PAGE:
A newborn boy is recovering in a Chinese hospital after being rescued from a sewage pipe below a squat toilet by firefighters, state media reports. The firefighters had to saw out an L-shaped section, delicately dismantling it to free the cocooned baby, who greeted the rescuers with cries.
“Fortunately the baby survived. But the person [who abandoned him] is still suspected of attempted murder,” said an unnamed police officer, according to official news portal hangzhou.com.cn.
Police are treating the case as an attempted homicide, and are looking for the mother and anyone else involved in the incident, a report said.
A video of the rescue was broadcast widely on Chinese news programmes and websites late on Monday and Tuesday.
A tenant heard the baby’s sounds in the public restroom of a residential building in Zhejiang province in eastern China on Saturday and notified authorities, according to the state-run news site Zhejiang News.
Attempts to pull him out failed, so rescuers sawed away a section of the 10-centimetre diameter pipe with the baby inside and took him to a local hospital.
Firefighters and doctors spent nearly an hour taking the tube apart piece by piece with pliers and saws and finally recovered the newborn, whose placenta was still attached, the report said.
From the time he was found to when he was taken out, the baby was stuck in the tube for at least two hours, it added.
Named after the incubator he is now recovering in, baby number 59 is expected to survive, according to hospital officials.
The 2.3-kilogramme boy suffered some cuts to his face and limbs and his heart rate was low at one point. He was put in an incubator and was in stable condition, the report said.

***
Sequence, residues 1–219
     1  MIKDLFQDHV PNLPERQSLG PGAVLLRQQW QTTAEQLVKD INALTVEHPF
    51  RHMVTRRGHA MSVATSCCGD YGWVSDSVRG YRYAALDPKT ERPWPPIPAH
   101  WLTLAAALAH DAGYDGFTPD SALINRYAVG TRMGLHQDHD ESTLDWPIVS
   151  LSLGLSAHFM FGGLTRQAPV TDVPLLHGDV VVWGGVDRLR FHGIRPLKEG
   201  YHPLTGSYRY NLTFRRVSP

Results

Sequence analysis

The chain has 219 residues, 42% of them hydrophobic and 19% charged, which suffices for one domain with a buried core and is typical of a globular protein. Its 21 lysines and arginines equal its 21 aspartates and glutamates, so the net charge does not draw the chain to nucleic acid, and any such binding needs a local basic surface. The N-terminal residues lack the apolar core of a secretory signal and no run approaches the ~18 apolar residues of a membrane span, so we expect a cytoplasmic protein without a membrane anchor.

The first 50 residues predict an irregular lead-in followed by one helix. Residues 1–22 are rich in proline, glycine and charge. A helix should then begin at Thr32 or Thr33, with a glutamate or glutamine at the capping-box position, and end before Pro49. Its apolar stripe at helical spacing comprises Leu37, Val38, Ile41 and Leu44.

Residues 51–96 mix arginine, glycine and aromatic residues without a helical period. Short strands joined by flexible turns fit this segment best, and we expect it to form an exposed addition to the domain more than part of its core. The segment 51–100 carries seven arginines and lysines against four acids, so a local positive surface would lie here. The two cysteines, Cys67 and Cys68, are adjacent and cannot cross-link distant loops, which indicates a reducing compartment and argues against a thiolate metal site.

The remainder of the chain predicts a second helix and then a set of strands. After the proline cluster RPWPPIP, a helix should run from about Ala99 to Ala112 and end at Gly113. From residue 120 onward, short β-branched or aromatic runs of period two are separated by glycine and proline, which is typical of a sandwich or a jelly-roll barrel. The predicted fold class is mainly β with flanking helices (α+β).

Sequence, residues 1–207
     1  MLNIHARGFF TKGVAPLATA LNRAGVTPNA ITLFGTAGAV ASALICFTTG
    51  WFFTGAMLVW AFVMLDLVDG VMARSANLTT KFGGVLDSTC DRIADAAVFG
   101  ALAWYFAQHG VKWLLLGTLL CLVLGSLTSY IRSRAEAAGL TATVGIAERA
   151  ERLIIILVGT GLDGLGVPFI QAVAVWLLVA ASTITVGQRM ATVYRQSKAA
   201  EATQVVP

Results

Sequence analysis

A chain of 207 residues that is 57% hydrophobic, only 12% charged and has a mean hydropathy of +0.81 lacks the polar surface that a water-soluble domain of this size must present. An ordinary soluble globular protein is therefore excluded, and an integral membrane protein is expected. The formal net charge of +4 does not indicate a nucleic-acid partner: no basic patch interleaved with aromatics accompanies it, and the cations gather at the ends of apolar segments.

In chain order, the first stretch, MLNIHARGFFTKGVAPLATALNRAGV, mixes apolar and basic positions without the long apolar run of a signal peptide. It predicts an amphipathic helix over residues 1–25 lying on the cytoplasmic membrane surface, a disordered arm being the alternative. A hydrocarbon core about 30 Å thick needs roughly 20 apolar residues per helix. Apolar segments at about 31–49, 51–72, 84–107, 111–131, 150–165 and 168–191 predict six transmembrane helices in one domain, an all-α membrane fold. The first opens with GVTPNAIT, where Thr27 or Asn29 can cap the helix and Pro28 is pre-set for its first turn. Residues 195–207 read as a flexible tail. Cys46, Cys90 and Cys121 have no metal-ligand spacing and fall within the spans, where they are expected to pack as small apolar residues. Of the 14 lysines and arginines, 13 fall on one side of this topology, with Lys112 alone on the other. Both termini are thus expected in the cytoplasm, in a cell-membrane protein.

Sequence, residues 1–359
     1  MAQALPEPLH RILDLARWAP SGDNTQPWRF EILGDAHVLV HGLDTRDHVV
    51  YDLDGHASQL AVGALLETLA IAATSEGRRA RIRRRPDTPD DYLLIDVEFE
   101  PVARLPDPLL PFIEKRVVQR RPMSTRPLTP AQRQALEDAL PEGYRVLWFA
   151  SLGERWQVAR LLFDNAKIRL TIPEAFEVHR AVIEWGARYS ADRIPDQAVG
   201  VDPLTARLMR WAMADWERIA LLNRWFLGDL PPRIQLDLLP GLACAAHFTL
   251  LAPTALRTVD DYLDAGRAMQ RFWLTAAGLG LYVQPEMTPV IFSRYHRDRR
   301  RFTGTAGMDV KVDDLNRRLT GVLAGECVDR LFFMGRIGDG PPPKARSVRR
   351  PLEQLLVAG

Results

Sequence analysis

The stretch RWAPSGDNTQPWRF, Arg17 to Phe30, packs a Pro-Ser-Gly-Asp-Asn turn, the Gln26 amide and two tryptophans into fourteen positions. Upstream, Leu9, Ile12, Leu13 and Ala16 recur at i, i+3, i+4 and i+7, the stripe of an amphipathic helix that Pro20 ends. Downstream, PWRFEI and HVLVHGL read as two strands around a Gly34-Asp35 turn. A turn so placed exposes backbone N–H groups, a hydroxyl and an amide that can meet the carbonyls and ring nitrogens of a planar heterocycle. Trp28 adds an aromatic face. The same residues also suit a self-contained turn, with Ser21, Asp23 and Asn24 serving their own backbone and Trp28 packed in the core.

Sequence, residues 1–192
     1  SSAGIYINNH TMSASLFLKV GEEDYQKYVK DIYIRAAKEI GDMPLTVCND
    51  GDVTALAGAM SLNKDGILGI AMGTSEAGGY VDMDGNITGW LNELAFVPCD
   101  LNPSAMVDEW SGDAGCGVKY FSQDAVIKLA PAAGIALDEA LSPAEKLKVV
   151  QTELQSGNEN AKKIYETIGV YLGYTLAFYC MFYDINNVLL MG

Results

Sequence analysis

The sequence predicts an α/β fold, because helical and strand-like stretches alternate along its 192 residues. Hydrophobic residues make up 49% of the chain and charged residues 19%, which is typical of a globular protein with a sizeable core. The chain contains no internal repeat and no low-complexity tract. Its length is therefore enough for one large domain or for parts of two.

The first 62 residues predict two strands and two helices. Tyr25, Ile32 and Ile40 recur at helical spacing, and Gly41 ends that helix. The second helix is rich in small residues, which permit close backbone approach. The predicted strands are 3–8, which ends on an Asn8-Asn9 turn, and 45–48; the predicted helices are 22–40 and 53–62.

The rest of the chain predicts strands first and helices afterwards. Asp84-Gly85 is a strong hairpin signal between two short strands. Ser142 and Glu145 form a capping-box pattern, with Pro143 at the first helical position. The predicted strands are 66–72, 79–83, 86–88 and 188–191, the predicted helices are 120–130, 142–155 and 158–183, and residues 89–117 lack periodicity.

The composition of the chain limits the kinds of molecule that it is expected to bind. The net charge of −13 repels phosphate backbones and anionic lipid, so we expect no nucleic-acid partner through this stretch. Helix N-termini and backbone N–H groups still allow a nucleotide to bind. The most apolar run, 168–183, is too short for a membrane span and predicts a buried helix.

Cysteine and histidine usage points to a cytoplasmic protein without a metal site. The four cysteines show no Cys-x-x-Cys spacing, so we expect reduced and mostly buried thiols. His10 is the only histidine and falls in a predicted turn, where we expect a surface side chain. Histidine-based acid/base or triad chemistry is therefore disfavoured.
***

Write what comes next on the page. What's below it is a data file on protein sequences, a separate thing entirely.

The Pujiang county police bureau later said on its official microblog account that the boy’s mother has been located and that an investigation was ongoing, but gave no further details.
The landlord of the building in Pujiang county told Zhejiang News that it was unlikely the birth took place in the restroom because there was no evidence of blood and she was not aware of any recent pregnancies among her tenants.
News of the rescue prompted an outpouring from strangers who came to the hospital with diapers, baby clothes, powdered milk and offers to adopt the child.
Despite the offers to adopt Baby No. 59, a doctor at the hospital said the boy would be handed over to social services if his parents do not claim him.
Chinese families traditionally have a preference for sons, but babies born out of wedlock are sometimes abandoned because of social and financial pressures.
The country’s one-child policy can also mean heavy fines for couples who have more than one baby.